Thomas McEvilley

  • NEGATIVE PRESENCES IN SECRET SPACES: THE ART OF ERIC ORR

    I am against painting and sculpture and what they stand for . . . The studio mind is better abolished. . .

    I’m interested in the stuff you don’t see but it’s really there.

    —Eric Orr1

    ERIC ORR FIRST EXHIBITED as an artist in 1964, in the student center of the University of Cincinnati. The work was a Colt .45 automatic pistol mounted on a stand at eye level for a seated person, facing a wooden chair. The hammer was in cocked position; the trigger was wired to a treadle where the right foot of a person seated in the chair might comfortably rest. Seated there, one gazed down the muzzle of the gun

  • YVES KLEIN, MESSENGER OF THE AGE OF SPACE

    If you come back someday

    You who dream also

    Of this marvellous void

    Of this absolute love

    I know that together

    Without a word to one another

    We will hurl ourselves

    Into the reality of this void

    Which awaits our love

    As I wait for you each day . . .

    Come with me into the void!


    —Yves Klein1

    THE MOST FAMOUS IMAGE OF Yves Klein—the startling photograph of the artist, dressed in business suit and necktie, leaping into flight from a second-floor ledge on a quiet Paris street—is usually seen out of context. Yet with Klein, context is everything. Originally part of a literary document, the photograph

  • Eric Orr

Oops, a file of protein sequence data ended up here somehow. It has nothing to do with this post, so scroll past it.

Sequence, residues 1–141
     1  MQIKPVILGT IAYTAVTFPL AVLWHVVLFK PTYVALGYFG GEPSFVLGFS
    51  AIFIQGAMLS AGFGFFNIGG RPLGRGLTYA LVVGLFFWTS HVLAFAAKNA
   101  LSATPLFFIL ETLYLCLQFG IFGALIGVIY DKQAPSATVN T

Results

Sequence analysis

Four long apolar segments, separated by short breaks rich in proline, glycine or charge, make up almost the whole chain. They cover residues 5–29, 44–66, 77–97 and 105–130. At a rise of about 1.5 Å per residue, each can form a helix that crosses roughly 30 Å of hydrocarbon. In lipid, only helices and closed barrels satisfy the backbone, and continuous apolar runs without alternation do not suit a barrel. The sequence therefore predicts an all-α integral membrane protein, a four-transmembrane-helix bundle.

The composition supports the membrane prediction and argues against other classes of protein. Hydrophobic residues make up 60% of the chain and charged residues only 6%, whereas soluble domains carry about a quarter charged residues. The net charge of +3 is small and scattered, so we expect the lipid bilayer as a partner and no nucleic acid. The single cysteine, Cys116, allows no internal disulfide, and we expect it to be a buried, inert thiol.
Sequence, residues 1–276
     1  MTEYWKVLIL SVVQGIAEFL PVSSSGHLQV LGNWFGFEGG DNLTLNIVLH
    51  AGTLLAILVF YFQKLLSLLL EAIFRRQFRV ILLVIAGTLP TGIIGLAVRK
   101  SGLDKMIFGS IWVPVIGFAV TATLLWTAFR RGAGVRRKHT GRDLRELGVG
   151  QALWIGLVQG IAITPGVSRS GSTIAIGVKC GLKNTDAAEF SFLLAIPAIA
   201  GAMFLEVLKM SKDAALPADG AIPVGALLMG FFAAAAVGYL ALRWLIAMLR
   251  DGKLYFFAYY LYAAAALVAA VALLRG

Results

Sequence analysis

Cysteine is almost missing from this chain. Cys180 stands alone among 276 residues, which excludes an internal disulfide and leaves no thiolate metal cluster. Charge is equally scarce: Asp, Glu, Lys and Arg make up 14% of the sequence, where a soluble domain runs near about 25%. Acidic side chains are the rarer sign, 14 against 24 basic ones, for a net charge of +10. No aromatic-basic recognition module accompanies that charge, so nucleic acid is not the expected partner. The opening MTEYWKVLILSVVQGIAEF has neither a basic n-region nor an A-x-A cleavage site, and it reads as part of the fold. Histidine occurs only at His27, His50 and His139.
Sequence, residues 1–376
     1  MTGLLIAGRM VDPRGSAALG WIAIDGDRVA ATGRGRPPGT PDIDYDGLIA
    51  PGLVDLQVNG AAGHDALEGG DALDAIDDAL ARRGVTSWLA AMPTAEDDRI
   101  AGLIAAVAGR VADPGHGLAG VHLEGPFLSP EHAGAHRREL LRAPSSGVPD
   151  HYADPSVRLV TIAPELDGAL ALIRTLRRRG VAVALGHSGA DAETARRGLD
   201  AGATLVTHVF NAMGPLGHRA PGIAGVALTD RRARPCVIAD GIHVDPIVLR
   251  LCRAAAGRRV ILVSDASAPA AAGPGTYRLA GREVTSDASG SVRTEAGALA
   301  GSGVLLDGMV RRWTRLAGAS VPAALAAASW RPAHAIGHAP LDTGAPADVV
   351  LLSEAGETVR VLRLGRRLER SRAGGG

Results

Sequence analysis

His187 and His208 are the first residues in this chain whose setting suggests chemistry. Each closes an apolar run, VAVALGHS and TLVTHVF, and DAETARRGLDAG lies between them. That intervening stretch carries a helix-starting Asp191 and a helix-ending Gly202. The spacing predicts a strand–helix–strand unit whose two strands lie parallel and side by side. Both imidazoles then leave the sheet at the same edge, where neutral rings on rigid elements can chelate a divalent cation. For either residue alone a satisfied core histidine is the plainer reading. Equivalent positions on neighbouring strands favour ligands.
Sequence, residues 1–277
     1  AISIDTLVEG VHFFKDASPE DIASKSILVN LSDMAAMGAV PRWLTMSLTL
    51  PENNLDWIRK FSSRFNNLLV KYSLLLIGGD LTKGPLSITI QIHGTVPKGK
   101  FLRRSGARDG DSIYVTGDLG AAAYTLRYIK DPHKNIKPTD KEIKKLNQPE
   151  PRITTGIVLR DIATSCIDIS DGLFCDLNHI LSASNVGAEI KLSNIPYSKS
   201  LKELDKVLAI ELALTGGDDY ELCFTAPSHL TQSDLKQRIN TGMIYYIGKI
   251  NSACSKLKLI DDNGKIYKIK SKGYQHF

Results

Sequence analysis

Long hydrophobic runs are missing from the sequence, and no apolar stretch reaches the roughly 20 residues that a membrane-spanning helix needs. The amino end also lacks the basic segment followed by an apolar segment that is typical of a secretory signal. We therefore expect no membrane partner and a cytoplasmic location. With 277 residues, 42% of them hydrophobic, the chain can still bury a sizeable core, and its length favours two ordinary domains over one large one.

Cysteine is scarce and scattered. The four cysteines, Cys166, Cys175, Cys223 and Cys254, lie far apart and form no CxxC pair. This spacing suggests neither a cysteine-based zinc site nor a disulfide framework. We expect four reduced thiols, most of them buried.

Eric Orr’s work belongs to the tradition of art that seeks to penetrate the zone of immateriality. His early works—buried lights, walled-in sounds, shadows, silences—attempted to designate a mysterious edge between dissolution and solidity, immaterial and material, where contradictions push and pull into a primal balance; his “light-and-space” installations of the seventies extended this preoccupation, attempting to dissolve awareness of spatial and temporal boundaries. Similar themes informed a series of wall objects that used shamanic and alchemical materials (lead and gold; human blood, bone,

  • James Lee Byars and the Atmosphere of Question

    ‘How does he question and how does he eat?’1

    IN APRIL, 1969, THE GALLERY Wide White Space in Antwerp presented a month of continuously changing performance pieces by James Lee Byars. During the final week Byars himself was on display, seated in a Thonet chair in the all-white gallery, writing questions, enigmatic statements and fragments of autobiography on separate sheets of paper. Framed in his unusual personal brand of “abbrev” English, these tiny word sculptures encapsulated enormous philosophical implications. When a visitor appeared, Byars would read aloud the last written question or